Friday, 19 December 2014

My 2014 fitness journey

With 2014 drawing to a close and another whole year complete, what better time is there to reflect on your own journey - both achievements and learnings. 2014 for me has been a jam packed year full of fabulous progressions in all aspects of my life. I started the year newly engaged and with a new job which was very exciting and throughout the year, I have set myself many fitness goals. Some I have smashed, some I have failed. But that's OK - failures are simply learnings and everything I set out to do I always try to reflect on positively for the future.

So on that note, here are my 2014 fitness highs and lows.

1. Securing a 10K PB
1st January and half marathon training was back on track after three weeks off holidaying in Hong Kong. It was tough getting back into a routine but I actually found having a decent break to let my body chill and recuperate did the world of good! My pace was on top form - faster than before in fact and I didn't have one single niggle. By the start of February and crossing the start line of Mornington Chasers Regents Park 10K, I never dreamt of heading under the sub-46 minute mark. But I did! 45.45 to be precise. 

Funnily enough I returned to this course at the start of December and working at maximum effort, I finished in 47.40. I found it hard to believe that I had been two minutes faster at the start of the year and it made me realise that I have in fact lost speed. A big chunk of what I know I am capable of. 2015 will be focussed at bringing this back - especially for the triathlon. I am hoping my 5K plan (which you can read about HERE) will contribute to this greatly. 

2. Missing my half marathon seconds
After smooth sailing training, I was ready to smash my half marathon target of 1.45. My training had me on schedule to go clean under and I was so excited to cross the finish line with this secured. Choosing Reading Half Marathon for the second year running, I carried out the race in the wrong way from all aspects. Due to rainy, cold weather I decided to wear leggings and a skin under my club vest. Big mistake. Here's a note for you in case you didn't already know - no matter how cold it is, don't layer up. Once you start running, you will boil. I learnt the hard way and by the 5K mark I was beetroot red, itchy and irritated. 

Due to being so hot and bothered I started to stop at water stations, drinking far more than I am used to when running. This lead to a huge stitch at around mile eight. I was practically crawling now and at mile 10, with just 5K to go, the 1.45 pacer passed me. I remember it clearly. I was about to come up to the hardest part of the course, a dual carriageway. A long straight road that seems like it never ends is the easiest place to lose the will to live and once the pacer past me, I felt close to tears.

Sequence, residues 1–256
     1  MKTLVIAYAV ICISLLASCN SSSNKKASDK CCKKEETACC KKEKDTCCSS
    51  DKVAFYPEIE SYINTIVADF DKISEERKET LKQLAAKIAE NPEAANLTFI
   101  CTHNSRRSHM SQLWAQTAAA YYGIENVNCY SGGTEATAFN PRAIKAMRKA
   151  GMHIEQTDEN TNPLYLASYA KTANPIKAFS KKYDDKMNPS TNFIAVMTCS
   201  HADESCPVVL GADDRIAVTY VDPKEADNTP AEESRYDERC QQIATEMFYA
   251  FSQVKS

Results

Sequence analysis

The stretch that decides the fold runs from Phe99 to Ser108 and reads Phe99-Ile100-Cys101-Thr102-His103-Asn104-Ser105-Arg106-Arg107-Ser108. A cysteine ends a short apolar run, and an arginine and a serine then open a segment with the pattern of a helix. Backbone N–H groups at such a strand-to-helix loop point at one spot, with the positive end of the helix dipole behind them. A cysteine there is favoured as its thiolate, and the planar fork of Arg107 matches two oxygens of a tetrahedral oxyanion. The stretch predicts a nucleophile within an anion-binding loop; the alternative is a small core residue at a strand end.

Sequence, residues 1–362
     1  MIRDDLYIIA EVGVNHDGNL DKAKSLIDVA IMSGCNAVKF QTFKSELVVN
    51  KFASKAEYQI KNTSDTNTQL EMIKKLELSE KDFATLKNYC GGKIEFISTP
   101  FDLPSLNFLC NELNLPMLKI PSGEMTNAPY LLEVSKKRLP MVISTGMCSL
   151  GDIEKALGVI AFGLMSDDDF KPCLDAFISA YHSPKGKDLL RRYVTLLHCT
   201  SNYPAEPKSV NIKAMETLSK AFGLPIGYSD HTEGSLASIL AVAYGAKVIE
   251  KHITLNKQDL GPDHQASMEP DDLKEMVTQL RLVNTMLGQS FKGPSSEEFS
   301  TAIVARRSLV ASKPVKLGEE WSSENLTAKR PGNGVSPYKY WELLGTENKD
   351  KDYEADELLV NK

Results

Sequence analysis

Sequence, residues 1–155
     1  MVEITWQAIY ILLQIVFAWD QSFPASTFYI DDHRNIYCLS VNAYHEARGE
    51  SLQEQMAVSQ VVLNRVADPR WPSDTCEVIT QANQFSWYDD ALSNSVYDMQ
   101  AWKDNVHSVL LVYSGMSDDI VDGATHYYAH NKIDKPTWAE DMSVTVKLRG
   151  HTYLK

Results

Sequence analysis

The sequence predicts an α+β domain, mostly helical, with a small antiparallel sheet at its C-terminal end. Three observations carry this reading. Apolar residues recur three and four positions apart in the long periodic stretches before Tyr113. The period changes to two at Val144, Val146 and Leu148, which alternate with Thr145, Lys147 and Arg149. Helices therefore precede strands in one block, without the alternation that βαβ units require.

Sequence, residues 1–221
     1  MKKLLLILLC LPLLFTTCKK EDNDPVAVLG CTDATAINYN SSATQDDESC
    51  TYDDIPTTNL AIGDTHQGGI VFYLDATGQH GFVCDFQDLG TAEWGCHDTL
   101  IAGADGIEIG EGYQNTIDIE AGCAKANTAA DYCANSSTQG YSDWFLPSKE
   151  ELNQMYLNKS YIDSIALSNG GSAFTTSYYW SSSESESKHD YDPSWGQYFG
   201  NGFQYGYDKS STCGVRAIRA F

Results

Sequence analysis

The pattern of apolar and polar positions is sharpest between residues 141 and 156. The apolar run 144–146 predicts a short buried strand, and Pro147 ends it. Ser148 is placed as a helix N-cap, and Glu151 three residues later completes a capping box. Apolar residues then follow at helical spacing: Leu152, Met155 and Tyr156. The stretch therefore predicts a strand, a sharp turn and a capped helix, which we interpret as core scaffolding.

Why had I gone so wrong? Well whilst I was thinking this, when I reached the end of the carriageway and turned into a road, I got close to the curb and a spectator's giant husky dog jumped up at me and nearly sent me head over heels. Yep - that definitely topped it.

Despite all these setbacks (most which I am to blame), I crossed the finish line in 1.45.30. In all honestly I found this worse that finishing way past 1.45. I was so close and I messed it up. It really got to me. I stood there at that finish line and bawled like a baby. I had never cared so much about a race and never had I trained so hard. 

It took a while to get over this race trauma but I am happy to look back at it now as merely a learning experience. Deep down, I know if I train right and avoid these errors, I can go under 1.45 and one day (when I am not 5K or triathlon focussed) I will definitely give it another go!

3. 24 hours of team running
By the summer, the most exciting event of my 2014 calendar (in my opinion) was taking part in Mizuno Endure24. Not only was I facing my biggest challenge yet, I was doing it with my home club and best friend. Donned head to two in Newbury A.C gear, I was raring to go and despite the horrendous storms that took place over the 24 hour period, the grin was not wiped off my face. I completed four laps, totalling 20 miles and kept each turn consistent with pace. Yes, I injured my ITB rather badly on lap three (at 3am might I add) and I was out of action for the next couple of months but it was worth it! Best 24 hours I have spent awake (mind you this has probably only occurred in my life twice - but still it was the best).

4. ITB woes
Post Mizuno Endure24 and I faced my first, ever proper time out from running. After experiencing a slip on lap three of the course, I knew I was in sticky territory. I knew it even more come 8am and heading out on my final lap where the pain in my right knee was agonising. 

In the weeks that followed I attempted running, only to find myself retiring a mile in clutching my knee in sheer pain. After a trip to my sports masseuse, it was confirmed I had damaged my ITB and immediate rest from high impact sport was needed. I came back home with a foam roller under my arm, a plan to switch to swimming and determined to get myself fixed.

5. A brand new shiny bike
So with my injury comes the urge to dabble in a new hobby. I had always wanted a bike in London (for commuting and getting about town easily) but my fiancé had always disapproved. However, I think seeing me in the depth of misery through my injury brought his soft spot to life and after giving his blessing to get a bike, I was out the front door in a flash to get one before he changed his mind.